Most cafés can’t keep oat milk on the shelves—as alternative milk trends evolve, we imagine what’ll be up and coming in the future.
BY JESSE RAUB
SPECIAL TO BARISTA MAGAZINE ONLINE
The debut of oat milk has caused quite the stir in people’s drink preferences, and 2018 was the year that oat milk finally crossed from rising star in the café to fully capturing the cultural zeitgeist. With oats set to crush and trample the current plant-based milk options on the market in 2019, a variety of new challengers could step into the ring with their eyes on the prize belt. In an attempt to fully comprehend the upcoming bloodbath (or milkbath?), we here at Barista Magazine have imagined a list of the new types of plant-based milks that could be hitting the market this year.
Foraged Acorn Milk
One of the reason that oats have captured the hearts of today’s latte drinkers is that oats are a relatively sustainable crop. However, when it comes to environmentally conscious consumption, people should be on the lookout for foraged acorn milk. This beverage is produced solely from acorns that have been gathered from the ground in city parks. Each quart contains no fewer than 142 acorns, which represents the foraging efforts of 23 pickers scouring over 700 acres of parkland in 13 major cities. Not only is it earth-friendly, but acorn milk is a job creator, too! You can find this product on some grocery shelves, but look out! Production is time-consuming so it can be hard to track down, and it usually costs $63 a carton.
While legumes, grains, and nuts dominate the plant-based milk world, a new category has arrived: fruit milks! Ingeniously, a few companies out there have started to take whole apples and press them in industrial equipment to squeeze out all the precious milk they contain. The best part is that apple milk has a great natural sweetness, making it great to pair with your favorite espresso in an apple milk cappuccino with no sugar added! Most other plant-based milk beverages usually contain water, but apples are so rich with their own milk that it’s not hard to find versions that are 100 percent apple milk with no added ingredients.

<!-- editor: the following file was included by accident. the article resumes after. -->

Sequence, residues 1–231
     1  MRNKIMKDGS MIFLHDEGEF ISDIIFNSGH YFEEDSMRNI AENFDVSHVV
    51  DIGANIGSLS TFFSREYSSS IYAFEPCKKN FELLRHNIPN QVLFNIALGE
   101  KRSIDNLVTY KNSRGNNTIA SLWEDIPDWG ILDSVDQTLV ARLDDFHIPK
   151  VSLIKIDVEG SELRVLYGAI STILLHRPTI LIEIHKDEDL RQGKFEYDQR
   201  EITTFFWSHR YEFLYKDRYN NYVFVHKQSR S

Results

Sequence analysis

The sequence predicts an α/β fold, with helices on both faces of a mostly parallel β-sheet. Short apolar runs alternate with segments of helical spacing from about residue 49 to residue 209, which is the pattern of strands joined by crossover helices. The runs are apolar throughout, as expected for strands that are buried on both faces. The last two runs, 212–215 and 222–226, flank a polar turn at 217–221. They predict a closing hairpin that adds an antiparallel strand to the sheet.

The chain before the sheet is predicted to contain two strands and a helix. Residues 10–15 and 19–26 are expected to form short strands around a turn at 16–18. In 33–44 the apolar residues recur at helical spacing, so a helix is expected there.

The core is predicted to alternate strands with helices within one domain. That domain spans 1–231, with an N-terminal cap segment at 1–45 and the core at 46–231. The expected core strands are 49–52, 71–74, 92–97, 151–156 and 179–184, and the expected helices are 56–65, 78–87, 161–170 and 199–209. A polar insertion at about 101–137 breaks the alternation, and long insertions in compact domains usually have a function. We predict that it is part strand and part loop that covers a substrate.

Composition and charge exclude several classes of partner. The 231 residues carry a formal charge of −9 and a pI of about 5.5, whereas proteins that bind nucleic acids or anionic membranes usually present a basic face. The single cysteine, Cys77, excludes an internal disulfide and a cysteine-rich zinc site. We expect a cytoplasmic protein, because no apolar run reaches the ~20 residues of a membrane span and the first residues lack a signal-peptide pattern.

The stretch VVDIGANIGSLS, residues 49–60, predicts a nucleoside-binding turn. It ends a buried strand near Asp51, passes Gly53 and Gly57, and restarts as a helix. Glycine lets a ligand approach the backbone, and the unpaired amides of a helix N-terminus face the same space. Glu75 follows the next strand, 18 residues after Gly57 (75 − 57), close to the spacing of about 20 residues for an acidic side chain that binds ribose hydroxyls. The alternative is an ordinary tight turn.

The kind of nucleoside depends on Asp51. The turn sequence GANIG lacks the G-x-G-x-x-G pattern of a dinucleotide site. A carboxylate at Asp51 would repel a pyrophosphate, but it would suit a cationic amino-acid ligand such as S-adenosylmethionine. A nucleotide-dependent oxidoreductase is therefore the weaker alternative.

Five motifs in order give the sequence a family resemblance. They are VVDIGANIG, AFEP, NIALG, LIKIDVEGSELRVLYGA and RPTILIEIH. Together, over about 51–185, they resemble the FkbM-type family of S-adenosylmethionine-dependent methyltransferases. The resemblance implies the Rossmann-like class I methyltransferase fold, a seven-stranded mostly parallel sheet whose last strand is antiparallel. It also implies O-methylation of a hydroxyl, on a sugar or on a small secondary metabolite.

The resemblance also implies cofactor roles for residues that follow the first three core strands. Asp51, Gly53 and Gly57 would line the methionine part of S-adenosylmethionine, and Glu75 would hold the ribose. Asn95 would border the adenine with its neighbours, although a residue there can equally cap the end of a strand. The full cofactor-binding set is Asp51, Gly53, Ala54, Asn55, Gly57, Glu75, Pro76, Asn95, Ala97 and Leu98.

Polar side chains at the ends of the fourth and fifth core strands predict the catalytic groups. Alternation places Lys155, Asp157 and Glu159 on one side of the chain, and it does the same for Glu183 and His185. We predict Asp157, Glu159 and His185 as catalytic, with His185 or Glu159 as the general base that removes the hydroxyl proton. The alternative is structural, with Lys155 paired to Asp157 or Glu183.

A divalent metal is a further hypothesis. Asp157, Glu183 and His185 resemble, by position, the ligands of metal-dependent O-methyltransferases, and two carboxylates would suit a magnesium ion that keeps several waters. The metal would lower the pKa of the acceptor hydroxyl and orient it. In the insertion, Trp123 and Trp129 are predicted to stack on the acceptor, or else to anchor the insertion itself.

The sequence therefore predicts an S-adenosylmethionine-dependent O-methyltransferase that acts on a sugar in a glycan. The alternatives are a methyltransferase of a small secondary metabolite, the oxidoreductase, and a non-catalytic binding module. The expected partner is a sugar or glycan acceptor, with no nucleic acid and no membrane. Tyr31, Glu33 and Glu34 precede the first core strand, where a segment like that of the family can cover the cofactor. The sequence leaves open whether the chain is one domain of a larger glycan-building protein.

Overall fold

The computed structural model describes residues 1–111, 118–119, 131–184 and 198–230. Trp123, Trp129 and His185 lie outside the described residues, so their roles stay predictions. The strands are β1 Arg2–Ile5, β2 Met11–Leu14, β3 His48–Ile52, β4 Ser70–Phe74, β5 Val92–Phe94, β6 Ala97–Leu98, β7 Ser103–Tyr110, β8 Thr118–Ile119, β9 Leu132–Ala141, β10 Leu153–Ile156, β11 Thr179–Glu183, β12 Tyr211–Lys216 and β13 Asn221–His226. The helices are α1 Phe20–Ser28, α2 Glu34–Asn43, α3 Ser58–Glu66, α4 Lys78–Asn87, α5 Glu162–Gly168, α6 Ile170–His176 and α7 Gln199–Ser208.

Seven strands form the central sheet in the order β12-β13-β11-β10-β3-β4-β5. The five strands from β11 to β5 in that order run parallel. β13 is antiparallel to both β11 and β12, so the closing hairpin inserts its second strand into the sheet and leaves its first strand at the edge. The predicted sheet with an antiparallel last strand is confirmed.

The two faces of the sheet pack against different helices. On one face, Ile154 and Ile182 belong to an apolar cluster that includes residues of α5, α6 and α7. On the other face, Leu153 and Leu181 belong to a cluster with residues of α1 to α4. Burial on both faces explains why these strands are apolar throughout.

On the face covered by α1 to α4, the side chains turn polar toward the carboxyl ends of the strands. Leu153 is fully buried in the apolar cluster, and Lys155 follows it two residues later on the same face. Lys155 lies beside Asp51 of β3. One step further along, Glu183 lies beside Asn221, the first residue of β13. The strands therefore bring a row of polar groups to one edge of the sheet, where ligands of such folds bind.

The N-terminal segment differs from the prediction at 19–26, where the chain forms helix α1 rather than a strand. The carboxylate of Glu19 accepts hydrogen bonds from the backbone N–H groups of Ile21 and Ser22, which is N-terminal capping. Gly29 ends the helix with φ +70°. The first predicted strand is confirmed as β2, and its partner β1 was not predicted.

Well, they’ve gone and done it again! A few newcomers to the alternative milk world have taken the milky white liquid that’s normally used to make cheese and somehow turned it into a milk that tastes delicious in your favorite mocha. While alternative milks can sometimes lack an unctuous mouthfeel and richness, cheese milk is able to capture all those characteristics and more. Some people have a hard time transitioning away from cow’s milk for their favorite coffee drinks because of how much better they think it tastes, but cheese milk should be able to satisfy even the pickiest hot chocolate fanatics. And since cheese milk comes from the pre-cheese liquid, cheese milk frees up field space for farmers to grow other crops while remaining cruelty-free, since cheese isn’t alive and can’t feel anything.
OK, you got us here: This one isn’t plant derived. And while at room temperature lard is a solid, most people don’t know that it melts readily into a clear, delicious cup of hot fat that really balances out the biggest espressos in a cortado. The best part about adding lard to your coffee bar menu is that it improves workflow, since you can’t actually steam it. Keep a pitcher of lard available and ready on a hot plate, and just pour it directly into your preferred cup size with espresso to make the whole spectrum of your favorite hot espresso drinks. And don’t count lard out yet for cold drinks! While it tends to congeal and clump when the thermostat drops, kids often find lard to be a fun alternative to boba tapioca pearls. Just make sure you have a straw wide enough for the chunks!
The whole piece is a satire. Sorry it wasn’t more clear. Thanks for reading!
Ok, I can imagine soy milk, rice milk, oat milk and even acorn milk, but apple milk? If I do a search, all I find is apples mixed with milk. How is this made? I am seriously curious. Please no jokes about apple nipples.